The impact of housing energy efficiency improvements on reduced exposure to cold - the 'temperature take back factor'


Hamilton, IG; Davies, M; Ridley, I; Oreszczyn, T; Barrett, M; Lowe, R; Hong, S; Wilkinson, P; Chalabi, Z; (2011) The impact of housing energy efficiency improvements on reduced exposure to cold - the 'temperature take back factor'. Building services engineering research & technology, 32 (1). pp. 85-98. ISSN 0143-6244 DOI: https://doi.org/10.1177/0143624410394532

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Abstract

Energy used in dwellings is an important target for actions aimed at averting climate change. It is increasingly recognised that these actions may also have near-term effects on health arising from changes to the indoor environment. As part of a major study of such health effects, we modelled hypothetical household energy interventions for the UK of the type and scale needed to meet near-term (nominally 2030) abatement targets. Here, we provide details of the elements of our model that address the relationships between the fabric and ventilation improvements and changes in indoor temperature during the heating season - the 'temperature take back factor'. We demonstrate that the scale of these interventions is consistent with the emission reductions proposed by the UK Climate Change Committee, and estimate that, in the UK, the consequent reduction in exposure to indoor cold may result in around 4400 fewer disability-adjusted life-years each year. The inclusion of the temperature take back factor for the fabric and ventilation interventions reduces the relevant expected CO2 reductions by similar to 6%. Practical application: Improvements to the UK housing stock aimed at reducing greenhouse gas emissions will result in changes in internal temperatures. Such changes in temperature have implications for both public health and the prediction of emissions reductions. We present here an approach for quantifying the 'temperature take back factor', which is of relevance to environmental and energy modelling.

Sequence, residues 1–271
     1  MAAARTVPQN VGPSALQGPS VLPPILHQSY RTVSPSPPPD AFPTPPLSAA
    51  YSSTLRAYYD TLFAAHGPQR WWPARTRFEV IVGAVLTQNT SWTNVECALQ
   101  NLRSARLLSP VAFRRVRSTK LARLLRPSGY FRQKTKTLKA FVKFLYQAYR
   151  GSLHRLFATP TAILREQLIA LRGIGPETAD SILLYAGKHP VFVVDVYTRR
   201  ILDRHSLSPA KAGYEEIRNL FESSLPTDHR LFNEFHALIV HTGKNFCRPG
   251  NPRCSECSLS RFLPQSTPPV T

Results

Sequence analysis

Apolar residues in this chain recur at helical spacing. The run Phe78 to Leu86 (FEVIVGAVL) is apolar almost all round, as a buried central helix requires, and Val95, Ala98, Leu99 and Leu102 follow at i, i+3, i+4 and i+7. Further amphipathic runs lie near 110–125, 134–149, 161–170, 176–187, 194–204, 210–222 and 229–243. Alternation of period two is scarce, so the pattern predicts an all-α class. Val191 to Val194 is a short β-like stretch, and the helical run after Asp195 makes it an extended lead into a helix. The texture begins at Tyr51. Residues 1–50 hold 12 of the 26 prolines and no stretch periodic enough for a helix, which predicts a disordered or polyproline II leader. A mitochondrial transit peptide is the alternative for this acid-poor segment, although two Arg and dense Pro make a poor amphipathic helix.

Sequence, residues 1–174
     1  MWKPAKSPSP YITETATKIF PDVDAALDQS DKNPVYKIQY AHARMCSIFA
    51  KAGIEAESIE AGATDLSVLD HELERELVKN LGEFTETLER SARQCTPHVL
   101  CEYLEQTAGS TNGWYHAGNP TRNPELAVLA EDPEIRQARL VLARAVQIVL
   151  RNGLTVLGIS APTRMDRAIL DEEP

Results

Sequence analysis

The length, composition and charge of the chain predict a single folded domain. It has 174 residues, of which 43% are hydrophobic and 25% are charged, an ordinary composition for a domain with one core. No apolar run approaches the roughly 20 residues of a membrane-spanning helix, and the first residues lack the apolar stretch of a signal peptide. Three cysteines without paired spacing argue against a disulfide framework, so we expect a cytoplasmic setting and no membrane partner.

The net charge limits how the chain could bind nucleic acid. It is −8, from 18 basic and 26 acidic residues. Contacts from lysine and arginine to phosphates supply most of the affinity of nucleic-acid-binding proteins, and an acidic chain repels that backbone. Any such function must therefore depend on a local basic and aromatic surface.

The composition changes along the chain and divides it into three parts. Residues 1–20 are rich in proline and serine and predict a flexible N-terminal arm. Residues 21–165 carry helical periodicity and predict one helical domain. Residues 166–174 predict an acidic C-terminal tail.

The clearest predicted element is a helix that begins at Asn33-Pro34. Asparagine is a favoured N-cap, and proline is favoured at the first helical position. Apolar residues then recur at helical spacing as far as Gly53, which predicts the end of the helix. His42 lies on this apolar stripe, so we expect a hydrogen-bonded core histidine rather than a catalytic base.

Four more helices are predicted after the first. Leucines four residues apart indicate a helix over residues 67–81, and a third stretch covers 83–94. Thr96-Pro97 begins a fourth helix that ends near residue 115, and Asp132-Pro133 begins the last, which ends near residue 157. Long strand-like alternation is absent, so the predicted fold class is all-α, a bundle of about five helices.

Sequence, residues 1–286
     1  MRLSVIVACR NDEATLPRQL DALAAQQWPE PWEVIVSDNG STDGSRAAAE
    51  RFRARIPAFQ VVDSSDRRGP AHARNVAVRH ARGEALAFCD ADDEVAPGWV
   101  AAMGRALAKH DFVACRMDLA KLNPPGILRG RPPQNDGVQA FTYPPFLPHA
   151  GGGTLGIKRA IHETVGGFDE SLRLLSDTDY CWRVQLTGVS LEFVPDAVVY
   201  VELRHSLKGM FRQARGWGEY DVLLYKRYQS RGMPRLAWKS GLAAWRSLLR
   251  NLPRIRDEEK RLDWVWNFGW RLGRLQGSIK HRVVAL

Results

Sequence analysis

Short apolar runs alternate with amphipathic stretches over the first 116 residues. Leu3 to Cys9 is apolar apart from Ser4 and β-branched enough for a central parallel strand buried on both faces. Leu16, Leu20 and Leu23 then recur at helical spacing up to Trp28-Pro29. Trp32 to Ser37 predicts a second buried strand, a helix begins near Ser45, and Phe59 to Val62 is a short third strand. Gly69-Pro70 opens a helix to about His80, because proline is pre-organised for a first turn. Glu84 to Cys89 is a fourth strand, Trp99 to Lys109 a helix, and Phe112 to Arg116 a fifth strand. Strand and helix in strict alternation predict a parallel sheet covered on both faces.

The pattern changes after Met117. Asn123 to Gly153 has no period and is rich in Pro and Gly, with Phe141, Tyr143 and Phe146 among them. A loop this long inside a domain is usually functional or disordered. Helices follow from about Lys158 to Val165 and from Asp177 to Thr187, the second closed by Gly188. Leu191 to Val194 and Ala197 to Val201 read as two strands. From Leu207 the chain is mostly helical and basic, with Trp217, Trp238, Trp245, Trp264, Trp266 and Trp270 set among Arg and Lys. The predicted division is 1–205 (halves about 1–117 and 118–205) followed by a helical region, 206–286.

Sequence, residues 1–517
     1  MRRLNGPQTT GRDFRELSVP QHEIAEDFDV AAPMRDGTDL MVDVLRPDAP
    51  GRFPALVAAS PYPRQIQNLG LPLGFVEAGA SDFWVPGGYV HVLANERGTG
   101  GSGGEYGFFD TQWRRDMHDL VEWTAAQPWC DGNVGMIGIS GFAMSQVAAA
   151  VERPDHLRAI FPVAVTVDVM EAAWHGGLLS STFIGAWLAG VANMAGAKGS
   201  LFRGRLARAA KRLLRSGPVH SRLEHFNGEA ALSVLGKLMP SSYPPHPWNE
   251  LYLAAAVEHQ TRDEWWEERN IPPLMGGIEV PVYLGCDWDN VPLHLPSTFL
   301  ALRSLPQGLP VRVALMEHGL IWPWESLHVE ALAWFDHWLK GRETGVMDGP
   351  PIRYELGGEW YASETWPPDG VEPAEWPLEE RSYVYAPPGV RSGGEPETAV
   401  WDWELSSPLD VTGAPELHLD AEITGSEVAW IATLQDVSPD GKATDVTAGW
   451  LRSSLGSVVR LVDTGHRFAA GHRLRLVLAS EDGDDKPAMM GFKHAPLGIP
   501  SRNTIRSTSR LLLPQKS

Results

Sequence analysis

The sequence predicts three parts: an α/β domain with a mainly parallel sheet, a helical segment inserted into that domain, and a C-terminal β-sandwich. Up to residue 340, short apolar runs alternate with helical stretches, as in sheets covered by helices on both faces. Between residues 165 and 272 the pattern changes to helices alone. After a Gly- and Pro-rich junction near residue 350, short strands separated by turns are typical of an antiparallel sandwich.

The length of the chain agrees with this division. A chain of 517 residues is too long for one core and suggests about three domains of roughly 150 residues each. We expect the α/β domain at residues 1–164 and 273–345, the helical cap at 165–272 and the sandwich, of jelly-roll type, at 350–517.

Item Type: Article
Keywords: LOW-INCOME HOUSEHOLDS, UK, STRATEGIES, ENGLAND, STOCKS
Faculty and Department: Faculty of Public Health and Policy > Dept of Social and Environmental Health Research
Research Centre: Centre for Global Non-Communicable Diseases (NCDs)
Web of Science ID: 287590900007
URI: http://researchonline.lshtm.ac.uk/id/eprint/1102

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